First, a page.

Saturday, 3 September 2011

Summer thrifting part 1

A pair of Laura Ashley curtains - they are a bit flowery for my tastes but they are fully lined and ready to hang and I thought they would be perfect for Little I's bedroom when we eventually move. I had originally planned something more modern but these were five pounds, money is strictly limited and I don't think I can make fully lined curtains for a fiver.

Somehow "charity-shop-shopping" doesn't roll off the tongue as easily as "thrifting". Usually I am not a big fan of using americanisms in my everyday writing but what alternative is there to the easy term "Thrifting"? If I am being pedantic (a family trait for me) isn't it true that US thrift shops are not exactly the same as UK charity shops? Do thrift shops operate for private or charity profit? Are they staffed by volunteers? I am curious...anyone enlighten me? And of course there are op shops in Australia...are they charity based? Anyone else got a catchy alternative name for charity-shop-shopping?

In recent years I have seen many UK charity shops undergo a professionalisation although often they are still mainly staffed by volunteers with a paid manager. I like those charity shops which have a distinctly amatuerish air to them, and which are slightly messy and junky.

Anyway, this post is part one as there is still some stuff in my car boot to photograph. Hispanitas sandals, great for days when I want to hide my chipped nail polish.

An earthenware casserole pot with lid. (£2!) I am thinking warming winter casseroles in here.

A fifties fairground plate. How cute is this? I bought it at the start of the summer at a summer fair held at the sheltered housing complex near our house. It was on the white elephant stall for 50p. I have used it for cakes when we have friends round.


  1. Oh, I love the plate! I'm so bad at thrifting, I usually don't find anything or end up buying something I never use. You clearly have talent for it :)

  2. All your finds are lovely and just the sort of thing that I would buy.I love the curtains...just right for a little one.
    I definitely much prefer the more scruffier charity shops myself.There is a more professional and very well known national charity shop in my town and to be perfectly honest I don't go there any more because they are too much on the slick side for me and, I hate to say it, too expensive.Perhaps my character is more meaner than I realised.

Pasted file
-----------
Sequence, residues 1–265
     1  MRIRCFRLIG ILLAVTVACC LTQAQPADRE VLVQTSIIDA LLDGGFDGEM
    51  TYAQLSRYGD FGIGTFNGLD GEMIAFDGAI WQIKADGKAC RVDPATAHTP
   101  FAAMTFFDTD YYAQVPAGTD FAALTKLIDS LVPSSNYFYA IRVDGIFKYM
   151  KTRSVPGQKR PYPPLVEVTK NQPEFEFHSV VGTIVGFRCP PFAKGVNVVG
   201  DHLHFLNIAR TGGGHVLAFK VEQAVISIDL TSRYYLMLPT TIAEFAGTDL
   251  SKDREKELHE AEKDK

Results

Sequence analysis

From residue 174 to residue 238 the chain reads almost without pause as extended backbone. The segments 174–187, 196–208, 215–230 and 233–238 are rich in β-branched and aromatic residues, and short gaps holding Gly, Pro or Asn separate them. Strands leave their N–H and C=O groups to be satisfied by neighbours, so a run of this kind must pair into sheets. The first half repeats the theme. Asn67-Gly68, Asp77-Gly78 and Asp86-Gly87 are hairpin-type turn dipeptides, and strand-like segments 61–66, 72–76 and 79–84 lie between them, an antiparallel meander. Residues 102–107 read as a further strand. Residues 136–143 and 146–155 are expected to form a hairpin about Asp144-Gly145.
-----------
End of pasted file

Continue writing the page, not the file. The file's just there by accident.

3. Your finds are gorgeous, particularly the plate and the curtains! Yes, you are right that in Australia we call them op shops, and we go "op-shopping"! These places are entirely charity based. Everything is donated and the shops are usually staffed by either elderly retired people (if they are a church-based charity), or often people with disabilities. There are also "professional" establishments run by dealers selling more expensive goods, sometimes picked up in estate sales and the like, or things/clothes sold on consignment; but these places would be called either antique or second-hand shops, and would not call themselves an op shop.

  4. Ah, interesting, I've never thought about the difference... We have both charity and profit-based second hand / antique shops over here, but they don't have to declare which type they are and I think there are some in-betweens, too...

  5. Great finds ! Your plate reminds me of something (a collection no less) that I didn't buy at last weekend's carboot. A raft of souvenir plates from 60s and 70s perhaps for places like Malta (that's all I can remember) for a £1 each. I was tempted but it felt like someone's granny's, given as holiday presents with some sentimental value. Besides, I bought all that fabric....

  6. As Carolyn says above, op shops in australia are charity based, and we call them 'oppies' and go 'op-shopping' but, because we are the minority, I generalise all my op shopping to 'thrifting' too, because I don't think everyone understands the term op-shopping. I'd always say charity shop shopping in the UK, however, it doesn't seem to have the same ring to it does it?!

    Your curtains are a great find!

  7. I think that in a case like this there is a need for a British verb--you will just have to make it up. We have a couple types of thrift stores. First there are the traditional shops (Salvational Army, and St. Vincent De Paul) run by charities that also provide jobs. These tend to be pretty basic and cheap, but they often have amazing things.
    Then there are for-profit stores like Savers (also Value Village) that give donations to charities for the donated goods. These can be quite vast and have incredible selection, but prices are higher. Finally there are little thrift stores run by individuals that are often pretty awful. Of course, to find the best deals one can spend the day going to garage sales. For rock bottom prices, you can go to Goodwill outlet dig through piles and buy by the pound.

    That fair plate is amazing.